27th Guards Motor Rifle Division
|This article needs additional citations for verification. (February 2013)|
The division draws its history from the 75th Naval Rifle Brigade formed in the end of 1941. As part of the 3rd Shock Army, Kalinin Front in 1942 the brigade participated in the Demiansk operations - the Moscow counteroffensive. For its fighting performance it became the 3rd Guards Rifle Brigade in March 1942, having spent all its time in reserve, became the 27th Guards Rifle Division in April–May 1942. With a view to the preservation of fighting and revolutionary traditions of earlier formations, the name "Omsk" which 27th Rifle Division had during the Russian Civil War had earlier was given to the new division. In the late summer of 1942, it was rushed south to help stop the German offensive into the northern Caucasus and Stalingrad. It took part in the destruction of the German 6th Army during the winter of 1942/43. During World War II the division was part of the 4th Tank Army, 1st Guards Army, the 24th Army, the 66th Army, the 65th Army and since February 1943 the 62nd Army. In April 1942 the 62nd Army became the Eighth Guards Army. In July 1942 the Division was part of Kalinin Front's 58th Army, alongside 16th Guards Rifle Division and two other rifle divisions. The Division was back with the 8th Guards Army of the 1st Belorussian Front in May 1945.
The division participated in the Battle of Stalingrad, Izyum-Barvenkovo, Donbass, Zaporozhye, Nikopol-Krivoi Rog, Bereznegova-Snigirovka, Odessa, Lublin - Brest, Poznań, Küstrin, Варшавско - Познанской and the Berlin offensive operation. For services in battle the division was awarded the honourable name "Novobug" (March 1944), then awarded the Order of the Red Banner and Order of Bogdan Khmelnitsky 2nd degrees. Over 10 thousand of its soldiers were awarded awards and medals, and 7 were awarded the Hero of the Soviet Union. Its commanders included Colonel K.N. Vindushev (1942), and S. Glebov (1942–1945), Glebov was originally a colonel but was made a general-major in November 1942.
Since 1945 the division remained as part of the Group of Soviet Forces in Germany, where it became a motor rifle division about 1957. It remained in Germany until after the fall of the Soviet Union, when it was withdrawn to Totskoye in the Volga-Ural Military District. It has contributed many personnel for peacekeeping operations.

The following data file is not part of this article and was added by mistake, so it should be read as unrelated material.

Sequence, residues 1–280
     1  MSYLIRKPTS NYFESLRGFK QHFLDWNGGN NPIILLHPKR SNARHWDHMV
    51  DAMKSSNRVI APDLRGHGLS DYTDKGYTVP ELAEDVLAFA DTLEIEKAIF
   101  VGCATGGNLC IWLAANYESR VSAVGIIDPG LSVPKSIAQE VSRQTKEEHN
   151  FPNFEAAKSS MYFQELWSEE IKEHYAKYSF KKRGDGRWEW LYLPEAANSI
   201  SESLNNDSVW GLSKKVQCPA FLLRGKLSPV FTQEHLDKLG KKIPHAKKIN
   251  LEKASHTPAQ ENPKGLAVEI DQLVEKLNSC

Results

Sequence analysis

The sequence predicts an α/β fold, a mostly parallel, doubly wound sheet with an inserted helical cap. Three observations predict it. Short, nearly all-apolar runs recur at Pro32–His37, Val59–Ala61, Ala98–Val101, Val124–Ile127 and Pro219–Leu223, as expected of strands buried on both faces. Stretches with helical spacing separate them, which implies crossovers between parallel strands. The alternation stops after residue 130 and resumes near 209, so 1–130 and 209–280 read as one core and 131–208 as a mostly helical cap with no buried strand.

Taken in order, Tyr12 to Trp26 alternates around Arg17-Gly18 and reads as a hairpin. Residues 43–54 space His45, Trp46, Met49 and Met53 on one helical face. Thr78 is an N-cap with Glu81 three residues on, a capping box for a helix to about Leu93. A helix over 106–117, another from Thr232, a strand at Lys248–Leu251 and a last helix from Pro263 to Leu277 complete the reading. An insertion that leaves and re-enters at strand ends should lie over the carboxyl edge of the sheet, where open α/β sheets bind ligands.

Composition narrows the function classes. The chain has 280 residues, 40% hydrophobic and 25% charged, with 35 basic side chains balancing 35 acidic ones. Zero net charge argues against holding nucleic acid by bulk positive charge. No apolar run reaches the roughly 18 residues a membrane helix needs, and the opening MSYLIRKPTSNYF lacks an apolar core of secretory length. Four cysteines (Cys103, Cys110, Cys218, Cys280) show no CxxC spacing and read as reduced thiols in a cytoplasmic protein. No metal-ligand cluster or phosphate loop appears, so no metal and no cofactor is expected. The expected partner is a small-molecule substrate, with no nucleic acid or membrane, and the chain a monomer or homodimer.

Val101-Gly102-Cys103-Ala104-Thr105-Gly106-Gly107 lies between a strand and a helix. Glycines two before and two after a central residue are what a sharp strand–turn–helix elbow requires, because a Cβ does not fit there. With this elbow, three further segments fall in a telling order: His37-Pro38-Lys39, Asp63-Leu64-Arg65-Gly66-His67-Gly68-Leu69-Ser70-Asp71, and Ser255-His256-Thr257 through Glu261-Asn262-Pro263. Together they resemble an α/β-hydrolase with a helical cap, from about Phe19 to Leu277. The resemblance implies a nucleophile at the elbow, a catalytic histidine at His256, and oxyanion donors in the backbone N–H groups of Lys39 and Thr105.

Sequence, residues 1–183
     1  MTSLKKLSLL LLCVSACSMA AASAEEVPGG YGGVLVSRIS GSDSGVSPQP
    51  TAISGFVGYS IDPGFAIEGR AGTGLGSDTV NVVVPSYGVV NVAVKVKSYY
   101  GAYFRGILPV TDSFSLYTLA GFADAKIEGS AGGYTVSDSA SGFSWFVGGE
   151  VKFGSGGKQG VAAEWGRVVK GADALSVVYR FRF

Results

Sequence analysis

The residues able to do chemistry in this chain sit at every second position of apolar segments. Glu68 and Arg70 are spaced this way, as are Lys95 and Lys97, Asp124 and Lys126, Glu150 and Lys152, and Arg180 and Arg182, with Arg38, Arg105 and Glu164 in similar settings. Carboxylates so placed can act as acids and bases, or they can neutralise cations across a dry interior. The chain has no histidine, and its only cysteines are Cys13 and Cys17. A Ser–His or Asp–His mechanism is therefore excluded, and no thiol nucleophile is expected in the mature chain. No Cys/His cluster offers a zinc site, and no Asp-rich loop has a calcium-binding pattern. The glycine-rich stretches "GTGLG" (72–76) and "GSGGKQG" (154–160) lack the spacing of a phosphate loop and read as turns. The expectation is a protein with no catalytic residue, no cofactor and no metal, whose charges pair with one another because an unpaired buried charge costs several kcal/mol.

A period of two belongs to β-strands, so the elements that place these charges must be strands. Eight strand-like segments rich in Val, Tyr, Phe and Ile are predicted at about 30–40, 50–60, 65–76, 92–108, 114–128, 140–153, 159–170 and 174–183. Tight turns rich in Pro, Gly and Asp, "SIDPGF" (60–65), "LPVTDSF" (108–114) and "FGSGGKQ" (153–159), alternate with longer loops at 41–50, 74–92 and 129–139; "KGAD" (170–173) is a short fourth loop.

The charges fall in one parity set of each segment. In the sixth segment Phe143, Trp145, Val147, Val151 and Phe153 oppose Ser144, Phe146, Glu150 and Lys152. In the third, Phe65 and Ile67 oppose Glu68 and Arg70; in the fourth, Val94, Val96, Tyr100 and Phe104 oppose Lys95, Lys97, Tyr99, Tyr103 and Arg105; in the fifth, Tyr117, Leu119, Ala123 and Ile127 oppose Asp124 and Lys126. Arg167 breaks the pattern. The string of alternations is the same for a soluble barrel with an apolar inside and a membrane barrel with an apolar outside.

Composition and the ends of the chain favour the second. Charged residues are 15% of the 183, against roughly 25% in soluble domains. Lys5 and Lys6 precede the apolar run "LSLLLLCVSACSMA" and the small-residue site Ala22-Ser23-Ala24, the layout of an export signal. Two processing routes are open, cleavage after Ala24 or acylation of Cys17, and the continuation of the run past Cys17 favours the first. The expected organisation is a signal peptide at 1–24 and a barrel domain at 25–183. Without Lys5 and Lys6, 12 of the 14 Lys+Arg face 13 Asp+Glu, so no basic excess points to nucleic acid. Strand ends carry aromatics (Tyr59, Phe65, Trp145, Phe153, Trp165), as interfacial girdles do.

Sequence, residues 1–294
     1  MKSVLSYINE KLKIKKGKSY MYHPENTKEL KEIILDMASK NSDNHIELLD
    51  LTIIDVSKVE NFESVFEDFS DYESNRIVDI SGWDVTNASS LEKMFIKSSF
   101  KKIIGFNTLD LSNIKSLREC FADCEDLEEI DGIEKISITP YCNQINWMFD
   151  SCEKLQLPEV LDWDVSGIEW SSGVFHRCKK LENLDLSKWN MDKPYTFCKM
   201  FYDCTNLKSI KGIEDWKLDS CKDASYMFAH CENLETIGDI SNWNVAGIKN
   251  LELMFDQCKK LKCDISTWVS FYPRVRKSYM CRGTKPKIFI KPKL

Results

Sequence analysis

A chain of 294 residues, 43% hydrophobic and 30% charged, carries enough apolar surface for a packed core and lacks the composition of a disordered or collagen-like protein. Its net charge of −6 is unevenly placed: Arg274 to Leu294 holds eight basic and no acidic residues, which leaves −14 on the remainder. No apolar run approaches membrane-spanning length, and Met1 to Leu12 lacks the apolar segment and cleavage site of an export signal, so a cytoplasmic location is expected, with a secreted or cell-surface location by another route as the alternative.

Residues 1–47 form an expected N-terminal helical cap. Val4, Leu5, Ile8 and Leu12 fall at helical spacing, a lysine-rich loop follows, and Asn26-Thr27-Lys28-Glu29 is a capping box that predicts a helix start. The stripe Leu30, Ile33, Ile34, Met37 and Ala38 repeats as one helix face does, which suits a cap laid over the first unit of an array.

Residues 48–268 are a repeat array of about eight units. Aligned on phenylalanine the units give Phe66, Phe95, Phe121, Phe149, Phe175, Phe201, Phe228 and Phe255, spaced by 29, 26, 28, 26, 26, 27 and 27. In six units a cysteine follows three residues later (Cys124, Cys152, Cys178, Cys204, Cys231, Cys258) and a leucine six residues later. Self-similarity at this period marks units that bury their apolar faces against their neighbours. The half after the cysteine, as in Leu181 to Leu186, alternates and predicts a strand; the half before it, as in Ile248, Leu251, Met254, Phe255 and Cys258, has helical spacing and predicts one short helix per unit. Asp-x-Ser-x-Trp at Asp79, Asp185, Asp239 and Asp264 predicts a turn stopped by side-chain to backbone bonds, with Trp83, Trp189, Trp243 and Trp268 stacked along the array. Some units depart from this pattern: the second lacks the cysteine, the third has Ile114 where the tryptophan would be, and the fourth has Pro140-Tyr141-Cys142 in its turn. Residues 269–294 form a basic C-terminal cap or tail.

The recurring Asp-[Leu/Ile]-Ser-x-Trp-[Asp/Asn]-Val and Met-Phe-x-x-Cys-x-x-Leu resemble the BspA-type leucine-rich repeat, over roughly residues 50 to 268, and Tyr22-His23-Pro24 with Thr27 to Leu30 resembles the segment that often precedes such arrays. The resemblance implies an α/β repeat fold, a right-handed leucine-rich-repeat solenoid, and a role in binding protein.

The division was disbanded after the beginning of the 2008 Russian military reform.
Composition in Germany, 1989–90
Source: Craig Crofoot, GSFG manuscript available at www.microarmormayhem.com
- a. Division Headquarters – Halle 51° 29′ 40″ north, 11° 55′ 40″ east
- b. 68th Guards Motorized Rifle Regiment (BMP) – Halle 51° 26′ 30″ north, 11° 56′ 50″ east
- c. 243rd Guards Motorized Rifle Regiment (BTR) – Halle 51° 29′ 40″ north, 11° 55′ 40″ east
- d. 244th Guards Motorized Rifle Regiment (BTR) – Schlotheim 51° 15′ 50″ north, 10° 38′ 30″ east
- e. 28th Tank Regiment – Halle 51° 29′ 40″ north, 11° 55′ 40″ east
- f. 54th Guards Self-Propelled Artillery Regiment – Halle 51° 29′ 40″ north, 11° 55′ 40″ east
- g. 286th Guards Anti-Aircraft Missile Regiment – Halle 51° 29′ 40″ north, 11° 55′ 40″ east
- h. 488th Independent Anti-Tank Battalion – Halle 51° 29′ 40″ north, 11° 55′ 40″ east
- i. 5th Independent Reconnaissance & Radio EW Battalion – Mühlhausen 51° 12′ 20″ north, 10° 27′ 00″ east
- j. 35th Independent Guards Signals Battalion – Halle 51° 29′ 40″ north, 11° 55′ 40″ east
- k. 29th Independent Guards Engineer-Sapper Battalion – Halle 51° 26′ 40″ north, 11° 57′ 10″ east
- l. 44th Repair-Reconstruction Battalion
- m. 367th Independent Chemical Defence Battalion
- n. 21st Independent Medical-Sanitation Battalion
- o. 1126th Independent Material Support Battalion
- HQ 27th Motor Rifle Division [2nd Combined-Arms Army]
- 81st Motor Rifle Regiment, Samara [27th MRD](Agentstvo Voyennykh Novostey, 5 Mar 01; 21 Jan 03).
- 152nd Tank Regiment(Agentstvo Voyennykh Novostey, 13 Sep 01).
- 433rd Motor Rifle Regiment [27th MRD](Agentstvo Voyennykh Novostey, 13 Sep 01).
- Bonn, Slaughterhouse: Handbook of the Eastern Front, 2005, p. 365